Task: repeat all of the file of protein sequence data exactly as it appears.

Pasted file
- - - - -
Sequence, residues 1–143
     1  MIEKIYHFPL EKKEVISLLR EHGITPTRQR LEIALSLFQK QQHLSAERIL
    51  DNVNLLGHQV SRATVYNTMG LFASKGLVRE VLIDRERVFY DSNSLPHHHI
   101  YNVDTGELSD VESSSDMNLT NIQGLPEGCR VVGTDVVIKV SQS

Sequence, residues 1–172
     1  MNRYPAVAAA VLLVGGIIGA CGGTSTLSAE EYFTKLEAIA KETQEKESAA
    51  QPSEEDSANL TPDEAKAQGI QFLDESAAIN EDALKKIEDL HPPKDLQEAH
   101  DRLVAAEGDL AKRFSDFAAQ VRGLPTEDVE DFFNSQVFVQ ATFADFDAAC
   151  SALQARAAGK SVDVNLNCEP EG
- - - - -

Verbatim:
Sequence, residues 1–143
     1  MIEKIYHFPL EKKEVISLLR EHGITPTRQR LEIALSLFQK QQHLSAERIL
    51  DNVNLLGHQV SRATVYNTMG LFASKGLVRE VLIDRERVFY DSNSLPHHHI
   101  YNVDTGELSD VESSSDMNLT NIQGLPEGCR VVGTDVVIKV SQS

Sequence, residues 1–172
     1  MNRYPAVAAA VLLVGGIIGA CGGTSTLSAE EYFTKLEAIA KETQEKESAA
    51  QPSEEDSANL TPDEAKAQGI QFLDESAAIN EDALKKIEDL HPPKDLQEAH
   101  DRLVAAEGDL AKRFSDFAAQ VRGLPTEDVE DFFNSQVFVQ ATFADFDAAC
   151  SALQARAAGK SVDVNLNCEP EG